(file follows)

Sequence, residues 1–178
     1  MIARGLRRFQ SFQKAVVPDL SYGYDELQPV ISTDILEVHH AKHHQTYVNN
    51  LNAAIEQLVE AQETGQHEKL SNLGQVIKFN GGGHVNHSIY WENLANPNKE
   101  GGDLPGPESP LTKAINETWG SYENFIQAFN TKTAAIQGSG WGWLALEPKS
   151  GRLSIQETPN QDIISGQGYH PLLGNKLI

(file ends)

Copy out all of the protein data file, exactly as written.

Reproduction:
Sequence, residues 1–178
     1  MIARGLRRFQ SFQKAVVPDL SYGYDELQPV ISTDILEVHH AKHHQTYVNN
    51  LNAAIEQLVE AQETGQHEKL SNLGQVIKFN GGGHVNHSIY WENLANPNKE
   101  GGDLPGPESP LTKAINETWG SYENFIQAFN TKTAAIQGSG WGWLALEPKS
   151  GRLSIQETPN QDIISGQGYH PLLGNKLI